The Real Digital Revolution

This is the second introductory post, and a follow-up to Your Brand Is Not My Friendâ„¢.

The real digital revolution has nothing to do with advertising or marketing. In fact, it’s the mortal enemy of advertising and marketing.

Because the real digital revolution is about consumer empowerment, the ability to research and learn about products and services and make decisions independently from, and in spite of, any sort of marketing and advertising messages.

That’s what’s really changing the way we market. It’s not about our inability to control the conversation. It’s about our inability to even get in on it. “They” are talking about us and we can’t butt in. I mean Word of Mouth is wonderful and all, but it ain’t got nothing on a glowing review from CNET.

The car companies are actually the ones who are hardest hit by this development. Given that a car is the second most expensive purchase you’ll make in your life (your home being the first), sophisticated consumers are flocking to review sites, message boards and the like to get the real deal on the car they plan to buy. And even to find out what kind of car someone like them should buy. A pretty shocking development in a market that was shrouded in mystery and misinformation for years.

Sure there was Consumer Reports and the car magazines. But CR attracted a very specific, Naderesque demographic and the car magazines were rarely concerned about the sorts of things the average car buyer was concerned about, especially if the average car buyer had kids or mostly used the car for commuting.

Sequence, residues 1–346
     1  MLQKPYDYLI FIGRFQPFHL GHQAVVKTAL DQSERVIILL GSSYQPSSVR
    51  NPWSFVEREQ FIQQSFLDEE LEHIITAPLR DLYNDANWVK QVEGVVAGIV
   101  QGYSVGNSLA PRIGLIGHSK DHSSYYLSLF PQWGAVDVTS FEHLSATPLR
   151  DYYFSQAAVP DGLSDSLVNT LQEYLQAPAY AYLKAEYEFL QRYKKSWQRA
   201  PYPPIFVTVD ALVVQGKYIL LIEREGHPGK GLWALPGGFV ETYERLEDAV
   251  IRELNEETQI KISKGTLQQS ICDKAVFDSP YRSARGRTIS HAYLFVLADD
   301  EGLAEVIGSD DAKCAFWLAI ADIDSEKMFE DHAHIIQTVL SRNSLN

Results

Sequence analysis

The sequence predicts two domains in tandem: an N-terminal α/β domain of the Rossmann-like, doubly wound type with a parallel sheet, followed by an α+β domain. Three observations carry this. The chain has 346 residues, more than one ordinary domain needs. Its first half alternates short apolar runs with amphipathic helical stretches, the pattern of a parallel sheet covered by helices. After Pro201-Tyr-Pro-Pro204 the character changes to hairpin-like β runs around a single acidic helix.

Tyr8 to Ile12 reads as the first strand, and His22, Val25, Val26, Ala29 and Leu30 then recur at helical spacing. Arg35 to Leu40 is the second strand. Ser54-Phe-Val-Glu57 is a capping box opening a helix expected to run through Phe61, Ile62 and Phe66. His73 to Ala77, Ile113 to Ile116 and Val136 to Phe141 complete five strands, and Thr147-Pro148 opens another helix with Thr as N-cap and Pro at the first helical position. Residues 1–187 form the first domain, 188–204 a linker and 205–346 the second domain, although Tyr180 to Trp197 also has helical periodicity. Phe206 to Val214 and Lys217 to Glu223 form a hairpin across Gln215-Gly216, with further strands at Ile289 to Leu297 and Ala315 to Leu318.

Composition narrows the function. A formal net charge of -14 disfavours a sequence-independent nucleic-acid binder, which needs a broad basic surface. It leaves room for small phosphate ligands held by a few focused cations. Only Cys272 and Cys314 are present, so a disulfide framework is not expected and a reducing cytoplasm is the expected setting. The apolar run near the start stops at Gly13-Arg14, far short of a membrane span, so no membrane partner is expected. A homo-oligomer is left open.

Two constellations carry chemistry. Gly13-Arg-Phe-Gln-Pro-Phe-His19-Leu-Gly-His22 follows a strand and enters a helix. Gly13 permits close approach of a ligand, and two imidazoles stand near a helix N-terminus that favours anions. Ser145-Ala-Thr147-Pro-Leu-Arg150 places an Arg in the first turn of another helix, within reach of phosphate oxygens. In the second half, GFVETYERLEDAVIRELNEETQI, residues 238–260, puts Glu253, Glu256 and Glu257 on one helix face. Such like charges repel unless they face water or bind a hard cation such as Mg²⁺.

Now what all this information does is destroy the power of image-based brand advertising. I might see some “this car is cool” VW ads and think VW is great, so great that I decide I want to buy a Jetta for my next car. But, if I go online and read about how much the Jetta sucks and how much better the Nissan Sentra is, I’m buying the Sentra. No matter how much Marc Horowitz (the guy who lived in his Sentra for 10 days) bugs me. Brand advertising can’t stretch the truth anymore or try and gild the lilly. Because if it does, we’re going to find out about it and it’s not going to be pretty.

The informed digital consumer isn’t just a threat to the auto business: S/he’s a threat to any business where there are objective standards for judging the product. So while something like food may be immune (you either like Oreos or you don’t, there’s not much objectivity there) even packaged goods like laundry detergent can fall vicitm, since there’s an objective standard for how clean your clothes are getting.

All the noise you hear from the 2.0-niks about “conversations” is often just a fancy term for people sharing objective opinions of products on review sites, blogs and other digital media. The “conversation” is when the marketer responds to criticism with a pledge to try harder or some such. Which, while it’s not practiced as much as it should be, is just common sense. But enough “conversations” about how bad your product is, no amount of clever advertising or radical media placement is going to save it.

Now people are people and of course we’re always going to need some sort of brand advertising to help us distinguish between the cool brand and the not-cool brand. But, especially on high ticket items, the ability to research, to learn all the details and facts that were previously unavailable to us— that is what is ultimately going to drive our purchase decision.

And that, my friends, is the real digital revolution.

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